Decompressive craniectomy for severe TBI

Charles A. Miller*, Daniel J. Coughlin, Randy Bell

*Corresponding author for this work

Research output: Chapter in Book/Report/Conference proceedingChapterpeer-review


Unintentional injury is the leading cause of death in US patients aged 1-44 [2] and traumatic brain injury (TBI) is involved in approximately one-third of all injury deaths [3, 4]. According to the CDC there are more than 1.7 million new TBI cases each year; an estimated 275,000 are hospitalized, and 52,000 die [4, 5]. The current global TBI rate of 106 per 100,000 is increasing as developing countries expand and increase the use of motorized transportation [4, 6]. While the rate of TBI is increasing, the number of TBI-related deaths has decreased in the US. In 2010, there were approximately 17.1 TBI-related deaths per 100,000 US population compared to 18.5 per 100,000 in 2001 [4]. TBI-related medical expenses place significant short- and long-term burden on the US economy. In 2010, direct and indirect TBI-related costs were $76.5 billion dollars up from $60 billion in 2000 [3, 7, 8]. These numbers indicate the burden that TBI places only on the civilian population ignoring the military population.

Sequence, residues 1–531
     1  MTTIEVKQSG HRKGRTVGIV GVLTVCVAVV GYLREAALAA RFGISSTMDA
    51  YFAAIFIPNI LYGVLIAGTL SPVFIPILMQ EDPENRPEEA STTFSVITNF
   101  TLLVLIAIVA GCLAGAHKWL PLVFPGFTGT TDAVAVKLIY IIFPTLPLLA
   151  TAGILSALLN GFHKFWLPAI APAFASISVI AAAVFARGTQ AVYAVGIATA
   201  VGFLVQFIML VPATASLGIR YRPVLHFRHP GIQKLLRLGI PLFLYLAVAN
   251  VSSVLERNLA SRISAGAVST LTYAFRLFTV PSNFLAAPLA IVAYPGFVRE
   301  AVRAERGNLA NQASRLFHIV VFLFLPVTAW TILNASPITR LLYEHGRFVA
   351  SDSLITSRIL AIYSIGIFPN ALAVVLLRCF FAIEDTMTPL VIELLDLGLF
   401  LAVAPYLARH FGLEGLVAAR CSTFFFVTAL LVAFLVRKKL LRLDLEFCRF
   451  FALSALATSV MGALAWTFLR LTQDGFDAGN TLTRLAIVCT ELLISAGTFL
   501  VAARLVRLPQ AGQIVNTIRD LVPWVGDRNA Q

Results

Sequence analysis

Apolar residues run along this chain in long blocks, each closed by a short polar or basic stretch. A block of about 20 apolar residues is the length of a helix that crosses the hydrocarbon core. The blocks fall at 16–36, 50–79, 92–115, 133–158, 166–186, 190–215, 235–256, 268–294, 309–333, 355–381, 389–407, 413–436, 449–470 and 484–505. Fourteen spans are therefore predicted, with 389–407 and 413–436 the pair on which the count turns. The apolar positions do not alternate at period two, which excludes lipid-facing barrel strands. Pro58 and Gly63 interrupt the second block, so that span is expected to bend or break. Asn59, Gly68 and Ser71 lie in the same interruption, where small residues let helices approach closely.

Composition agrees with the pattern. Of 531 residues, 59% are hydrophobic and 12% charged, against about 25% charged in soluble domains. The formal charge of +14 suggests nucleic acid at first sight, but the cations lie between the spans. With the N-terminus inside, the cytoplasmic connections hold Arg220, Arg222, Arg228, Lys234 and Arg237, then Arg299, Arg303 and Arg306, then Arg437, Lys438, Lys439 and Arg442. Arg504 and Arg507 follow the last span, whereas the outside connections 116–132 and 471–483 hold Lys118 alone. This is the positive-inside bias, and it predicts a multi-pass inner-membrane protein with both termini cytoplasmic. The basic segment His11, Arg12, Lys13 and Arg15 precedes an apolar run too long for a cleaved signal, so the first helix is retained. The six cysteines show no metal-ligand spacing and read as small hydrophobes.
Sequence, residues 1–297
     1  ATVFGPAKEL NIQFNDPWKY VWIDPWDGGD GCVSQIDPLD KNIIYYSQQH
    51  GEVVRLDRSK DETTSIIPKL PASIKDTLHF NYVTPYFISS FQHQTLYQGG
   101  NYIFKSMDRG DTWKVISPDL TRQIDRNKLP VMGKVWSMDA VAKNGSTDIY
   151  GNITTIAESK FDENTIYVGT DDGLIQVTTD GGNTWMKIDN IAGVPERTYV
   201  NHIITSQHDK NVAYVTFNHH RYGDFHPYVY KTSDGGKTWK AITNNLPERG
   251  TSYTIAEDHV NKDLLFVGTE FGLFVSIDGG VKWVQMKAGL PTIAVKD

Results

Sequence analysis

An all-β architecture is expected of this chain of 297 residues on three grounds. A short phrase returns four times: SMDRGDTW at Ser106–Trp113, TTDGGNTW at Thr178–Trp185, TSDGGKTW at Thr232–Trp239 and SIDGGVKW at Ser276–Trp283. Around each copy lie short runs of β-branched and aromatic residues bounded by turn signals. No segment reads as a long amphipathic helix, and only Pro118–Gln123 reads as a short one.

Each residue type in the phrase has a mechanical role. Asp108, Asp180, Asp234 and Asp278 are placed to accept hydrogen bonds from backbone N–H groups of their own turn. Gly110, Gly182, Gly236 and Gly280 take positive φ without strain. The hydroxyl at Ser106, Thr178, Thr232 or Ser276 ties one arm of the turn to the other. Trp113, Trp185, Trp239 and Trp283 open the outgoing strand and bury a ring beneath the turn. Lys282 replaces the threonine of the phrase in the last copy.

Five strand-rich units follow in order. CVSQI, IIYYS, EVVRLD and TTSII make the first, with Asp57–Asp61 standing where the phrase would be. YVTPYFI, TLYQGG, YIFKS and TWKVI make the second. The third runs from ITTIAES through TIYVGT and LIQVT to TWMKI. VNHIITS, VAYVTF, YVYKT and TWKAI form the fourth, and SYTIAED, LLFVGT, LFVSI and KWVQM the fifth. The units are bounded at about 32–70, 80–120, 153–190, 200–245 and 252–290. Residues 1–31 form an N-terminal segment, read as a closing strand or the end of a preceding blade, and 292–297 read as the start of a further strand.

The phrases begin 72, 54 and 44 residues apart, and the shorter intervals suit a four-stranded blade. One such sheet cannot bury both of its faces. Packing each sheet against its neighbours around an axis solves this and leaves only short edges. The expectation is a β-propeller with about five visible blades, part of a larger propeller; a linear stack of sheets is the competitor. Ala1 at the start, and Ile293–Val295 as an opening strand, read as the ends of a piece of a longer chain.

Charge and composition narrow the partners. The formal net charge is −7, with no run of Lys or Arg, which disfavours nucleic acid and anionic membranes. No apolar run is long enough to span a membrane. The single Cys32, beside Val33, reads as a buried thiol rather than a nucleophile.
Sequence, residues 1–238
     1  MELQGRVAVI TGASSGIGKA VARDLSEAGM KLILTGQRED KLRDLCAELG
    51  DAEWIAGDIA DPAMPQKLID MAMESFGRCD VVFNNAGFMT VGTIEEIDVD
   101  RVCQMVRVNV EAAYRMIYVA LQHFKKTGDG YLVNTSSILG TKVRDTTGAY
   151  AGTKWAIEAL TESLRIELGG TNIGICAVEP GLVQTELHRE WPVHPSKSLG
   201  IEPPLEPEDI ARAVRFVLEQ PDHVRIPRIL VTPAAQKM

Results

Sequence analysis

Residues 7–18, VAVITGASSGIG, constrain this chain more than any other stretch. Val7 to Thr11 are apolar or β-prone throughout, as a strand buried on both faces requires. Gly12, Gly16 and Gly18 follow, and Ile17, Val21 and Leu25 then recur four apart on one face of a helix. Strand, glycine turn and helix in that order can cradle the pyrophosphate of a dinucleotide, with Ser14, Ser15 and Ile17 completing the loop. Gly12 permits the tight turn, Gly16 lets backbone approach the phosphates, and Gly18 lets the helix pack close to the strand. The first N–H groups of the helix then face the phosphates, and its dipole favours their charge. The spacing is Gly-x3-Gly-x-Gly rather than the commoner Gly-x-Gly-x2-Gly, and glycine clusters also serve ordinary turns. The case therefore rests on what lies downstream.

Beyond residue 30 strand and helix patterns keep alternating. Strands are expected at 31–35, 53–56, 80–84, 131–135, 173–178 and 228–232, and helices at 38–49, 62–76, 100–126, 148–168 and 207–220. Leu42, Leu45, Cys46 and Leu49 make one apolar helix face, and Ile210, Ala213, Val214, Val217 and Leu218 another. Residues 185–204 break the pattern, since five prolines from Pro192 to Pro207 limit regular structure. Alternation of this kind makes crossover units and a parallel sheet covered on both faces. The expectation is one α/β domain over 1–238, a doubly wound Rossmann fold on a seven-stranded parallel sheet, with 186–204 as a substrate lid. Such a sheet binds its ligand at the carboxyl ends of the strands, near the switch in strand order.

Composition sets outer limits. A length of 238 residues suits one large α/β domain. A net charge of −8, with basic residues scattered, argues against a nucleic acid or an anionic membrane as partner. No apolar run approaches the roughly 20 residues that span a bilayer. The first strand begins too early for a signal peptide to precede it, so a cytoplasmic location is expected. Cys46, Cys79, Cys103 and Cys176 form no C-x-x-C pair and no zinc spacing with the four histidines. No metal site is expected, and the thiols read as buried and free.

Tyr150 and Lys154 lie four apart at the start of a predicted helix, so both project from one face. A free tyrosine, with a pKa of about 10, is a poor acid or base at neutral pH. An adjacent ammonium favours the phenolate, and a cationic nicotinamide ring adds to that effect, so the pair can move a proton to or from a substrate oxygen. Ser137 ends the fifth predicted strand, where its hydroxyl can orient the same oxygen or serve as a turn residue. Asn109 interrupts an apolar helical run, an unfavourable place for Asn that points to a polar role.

Original languageEnglish
Title of host publicationNeurotrauma Management for the Severely Injured Polytrauma Patient
PublisherSpringer International Publishing
Number of pages25
ISBN (Electronic)9783319402086
ISBN (Print)9783319402062
StatePublished - 1 Jan 2017
Externally publishedYes


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